A statement posted on the Party Animal Pet Food website confirms that it was informed by a retailer of the problem on April 13. The company has contacted the two Texas retailers who may have sold the food to the customer, and has requested that all remaining cans of the implicated production lots be isolated and returned for independent third-party testing. Party Animal also will be retrieving all remaining nationwide stock of the two production lots.

Party Animal Inc. is incorporated in California and is headquartered in West Hollywood, CA. Its principals are Chief Executive Officer and Secretary Daryl Alan Abrams and Chief Financial Officer Shawna Denae Abrams.

The implicated products, which the company reports were manufactured in 2015, are:

  • Cocolicious Beef & Turkey, Lot #0136E15204 04
  • Cocolicious Chicken & Beef, Lot #0134E15 237 13

In 2015, Party Animal canned pet foods were manufactured by Evanger’s Dog & Cat Food Co. according to an interview published in Pet Product News. Earlier this year, Evangers recalled several months worth of three beef-based canned dog foods after samples from two different products were determined to contain pentobarbital. The recalled products were manufactured in 2015.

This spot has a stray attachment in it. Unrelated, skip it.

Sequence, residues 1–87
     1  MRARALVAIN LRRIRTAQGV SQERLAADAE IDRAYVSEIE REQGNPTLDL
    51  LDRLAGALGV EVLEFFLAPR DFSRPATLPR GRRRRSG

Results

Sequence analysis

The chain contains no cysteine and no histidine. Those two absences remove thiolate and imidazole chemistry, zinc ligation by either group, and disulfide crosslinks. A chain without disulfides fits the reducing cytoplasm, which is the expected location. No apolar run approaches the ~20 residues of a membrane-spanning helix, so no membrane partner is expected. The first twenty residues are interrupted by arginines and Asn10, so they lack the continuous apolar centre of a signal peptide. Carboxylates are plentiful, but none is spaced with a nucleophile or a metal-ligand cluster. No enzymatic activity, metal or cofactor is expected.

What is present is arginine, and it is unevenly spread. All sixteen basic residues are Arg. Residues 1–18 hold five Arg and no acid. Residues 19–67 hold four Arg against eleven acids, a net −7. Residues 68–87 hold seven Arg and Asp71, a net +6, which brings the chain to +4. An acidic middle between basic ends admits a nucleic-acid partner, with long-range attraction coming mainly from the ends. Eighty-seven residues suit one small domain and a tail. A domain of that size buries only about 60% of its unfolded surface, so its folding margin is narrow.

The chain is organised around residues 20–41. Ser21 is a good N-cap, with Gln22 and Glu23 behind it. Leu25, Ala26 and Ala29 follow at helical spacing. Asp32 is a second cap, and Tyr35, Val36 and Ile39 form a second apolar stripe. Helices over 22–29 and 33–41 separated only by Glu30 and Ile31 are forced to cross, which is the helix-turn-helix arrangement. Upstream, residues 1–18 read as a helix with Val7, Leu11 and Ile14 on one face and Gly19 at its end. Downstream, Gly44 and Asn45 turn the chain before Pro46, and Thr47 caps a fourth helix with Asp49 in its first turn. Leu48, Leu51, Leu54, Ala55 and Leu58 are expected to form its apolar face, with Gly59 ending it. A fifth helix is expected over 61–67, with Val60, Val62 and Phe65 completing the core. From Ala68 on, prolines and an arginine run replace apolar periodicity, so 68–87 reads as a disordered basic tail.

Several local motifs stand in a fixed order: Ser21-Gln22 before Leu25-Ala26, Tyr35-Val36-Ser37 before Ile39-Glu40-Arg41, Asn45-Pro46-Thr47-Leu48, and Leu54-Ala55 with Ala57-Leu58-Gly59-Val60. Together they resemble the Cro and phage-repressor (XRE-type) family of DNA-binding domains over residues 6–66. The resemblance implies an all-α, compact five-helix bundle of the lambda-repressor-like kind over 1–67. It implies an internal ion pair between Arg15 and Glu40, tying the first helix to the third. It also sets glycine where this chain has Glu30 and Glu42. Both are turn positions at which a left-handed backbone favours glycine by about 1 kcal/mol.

According to the statement on its website, Party Animal has “… submitted many recent lots of [its] beef flavors for testing and all have tested negative for any pentobarbital.”

“We have also had extensive discussions with our manufacturer regarding the potential cause of the reported contamination of the 2015 lots,” the company states, “and we will continue with such discussions even as we await testing results for the 2015 lots. In order to ensure adherence to our commitment to the safety of pets, we are also actively re-examining our manufacturing processes.”

This story first appeared in Food Safety News and is reposted here with permission.